.. -*- rst -*- -*- restructuredtext -*-
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Homework 2, due 08.00, 5/9-2014
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Managing your computations through scripting
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In this homework you will try out some very basic perl scripting to automate computations to find the roots of the equation :math:`f(x)=0` for different functions, :math:`f(x)`..
Start by pulling the latest version of our repo where you should find the two files ``newtonS.f90.Template`` and ``newtonS.p`` in the ``/codes/fortran/newton/`` directory. The file ``newtonS.p`` contains a basic perl script which reads the template file one line at a time and replaces the strings ``FFFF`` and ``FPFP`` with "functions'' and "derivatives'' (defined inside ``newtonS.p``.)
1. Run the script by typing ``$ perl newtonS.p`` and inspect the output.
2. Currently the implementation of Newton's method iterates 10 times which is too much for some functions and too little for others. Modify the program so that it iterates until the quantity :math:`(E_{\rm abs.})_{n+1} = |x_{n+1}-x_n|`, approximating the absolute error, is less then :math:`10^{-15}`. It is probably easiest to do this by changing the do loop to a `do-while loop`__.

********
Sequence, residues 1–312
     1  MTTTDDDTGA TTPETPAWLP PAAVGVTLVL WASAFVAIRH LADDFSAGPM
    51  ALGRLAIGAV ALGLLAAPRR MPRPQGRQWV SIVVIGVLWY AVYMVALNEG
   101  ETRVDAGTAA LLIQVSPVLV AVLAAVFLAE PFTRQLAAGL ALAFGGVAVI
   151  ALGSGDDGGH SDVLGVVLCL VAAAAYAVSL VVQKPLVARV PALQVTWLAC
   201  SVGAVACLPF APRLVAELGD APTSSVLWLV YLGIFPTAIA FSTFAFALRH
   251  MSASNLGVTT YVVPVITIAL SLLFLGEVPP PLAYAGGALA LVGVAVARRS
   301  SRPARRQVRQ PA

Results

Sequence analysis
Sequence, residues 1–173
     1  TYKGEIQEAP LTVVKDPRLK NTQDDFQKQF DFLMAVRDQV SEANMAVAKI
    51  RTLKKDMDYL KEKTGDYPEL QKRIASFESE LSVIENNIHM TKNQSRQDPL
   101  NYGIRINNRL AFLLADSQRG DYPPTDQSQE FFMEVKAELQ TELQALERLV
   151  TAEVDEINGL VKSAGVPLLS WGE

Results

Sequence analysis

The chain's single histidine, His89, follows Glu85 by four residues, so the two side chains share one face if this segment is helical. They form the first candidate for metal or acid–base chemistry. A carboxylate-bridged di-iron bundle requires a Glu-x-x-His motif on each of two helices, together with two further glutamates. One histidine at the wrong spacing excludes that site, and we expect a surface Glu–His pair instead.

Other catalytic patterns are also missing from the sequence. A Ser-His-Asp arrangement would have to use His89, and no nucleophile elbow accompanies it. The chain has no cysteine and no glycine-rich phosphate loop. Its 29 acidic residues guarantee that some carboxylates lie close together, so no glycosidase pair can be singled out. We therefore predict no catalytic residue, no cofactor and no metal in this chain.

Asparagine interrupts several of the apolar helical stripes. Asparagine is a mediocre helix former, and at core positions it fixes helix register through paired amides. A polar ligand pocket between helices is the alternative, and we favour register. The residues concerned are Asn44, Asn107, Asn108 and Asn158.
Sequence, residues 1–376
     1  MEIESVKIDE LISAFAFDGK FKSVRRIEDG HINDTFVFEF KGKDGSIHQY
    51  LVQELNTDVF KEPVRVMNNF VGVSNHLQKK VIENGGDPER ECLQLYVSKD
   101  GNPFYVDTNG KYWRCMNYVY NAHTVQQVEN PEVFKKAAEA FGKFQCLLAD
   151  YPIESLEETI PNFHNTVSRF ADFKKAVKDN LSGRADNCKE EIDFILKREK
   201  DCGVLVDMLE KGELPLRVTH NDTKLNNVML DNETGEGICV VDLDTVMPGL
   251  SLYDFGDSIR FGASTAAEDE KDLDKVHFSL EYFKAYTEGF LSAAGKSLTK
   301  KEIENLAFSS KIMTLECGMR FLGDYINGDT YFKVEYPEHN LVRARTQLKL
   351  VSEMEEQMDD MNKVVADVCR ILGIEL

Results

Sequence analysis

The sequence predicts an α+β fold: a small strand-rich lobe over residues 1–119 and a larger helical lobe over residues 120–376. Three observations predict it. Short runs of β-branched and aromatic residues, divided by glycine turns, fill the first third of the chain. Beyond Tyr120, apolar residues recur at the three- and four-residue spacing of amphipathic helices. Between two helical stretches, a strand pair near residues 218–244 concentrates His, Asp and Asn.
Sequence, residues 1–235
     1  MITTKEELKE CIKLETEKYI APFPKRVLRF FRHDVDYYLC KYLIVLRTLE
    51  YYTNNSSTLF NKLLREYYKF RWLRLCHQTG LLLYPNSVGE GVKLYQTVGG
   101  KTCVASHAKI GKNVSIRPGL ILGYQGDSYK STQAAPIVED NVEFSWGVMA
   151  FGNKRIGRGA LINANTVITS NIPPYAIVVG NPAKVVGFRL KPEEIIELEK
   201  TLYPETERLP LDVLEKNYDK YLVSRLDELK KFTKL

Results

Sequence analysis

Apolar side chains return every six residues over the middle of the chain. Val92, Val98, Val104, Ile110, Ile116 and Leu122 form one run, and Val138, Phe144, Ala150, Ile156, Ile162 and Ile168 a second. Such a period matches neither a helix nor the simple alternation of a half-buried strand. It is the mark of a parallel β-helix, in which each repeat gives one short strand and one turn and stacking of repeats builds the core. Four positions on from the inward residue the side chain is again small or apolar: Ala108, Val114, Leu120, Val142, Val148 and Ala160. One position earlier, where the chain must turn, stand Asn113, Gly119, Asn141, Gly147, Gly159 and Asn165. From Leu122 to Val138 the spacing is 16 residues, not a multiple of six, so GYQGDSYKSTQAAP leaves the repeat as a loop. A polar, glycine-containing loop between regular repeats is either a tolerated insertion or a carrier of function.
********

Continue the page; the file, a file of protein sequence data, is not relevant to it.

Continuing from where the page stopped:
3. Linear and quadratic convergence means that the errors in subsequent iterations satisfy the relations :math:`(E_{\rm abs.})_{n+1} \approx {\rm Const.} \times (E_{\rm abs.})_{n}` and :math:`(E_{\rm abs.})_{n+1} \approx {\rm Const.} \times (E_{\rm abs.})_{n}^2` respectively. To determine the rate of convergence for Newton's method modify the ``write`` statement to include the ratios :math:`(E_{\rm abs.})_{n+1} / (E_{\rm abs.})_{n}` and :math:`(E_{\rm abs.})_{n+1} / (E_{\rm abs.})_{n}^2`.
4. Determine the rate of convergence for the three different functions and try to explain. The key here is to understand what is happening to :math:`f'(x)` close to the root. Is it possible to come up with a **modified Newton's method** to regain the quadratic convergence for the problematic function?
5. Modify the script ``newtonS.p`` so that the standard output from your Newton code gets redirected into a file ``tmp.txt`` by changing ``system("./a.out ");`` to ``system("./a.out > tmp.txt");``.
6. After each execution open the file ``tmp.txt`` and replace the blank spaces in between the results on each line by a comma with a single space on each side. Print the resulting string to the screen. There are infinitely many ways to do this in perl, here is a step by step approach:
.. code-block:: none
$line =~ s/\s+/ , /g; # Globally replace chunks of whitespace with a " , "
$line = $line . "\n"; # Add a newline as the above removes it.
$line =~ s/ , $/ /; # Remove the last " , "
$line =~ s/ , / /; # Remove the first " , "
print $line; # Print to screen
Can you find a more elegant (less readable) way to do this? This kind of operation can be good if you need to reformat your output to conform with some particular table format, for example in :math:`\LaTeX`.
7. Summarize your findings in a report where you use your tabulated data. Make sure to check the report and codes into your repository and to add a description in the README file where I find the report and codes and how I could go about running your code.
__ http://en.wikipedia.org/wiki/Do_while_loop#Fortran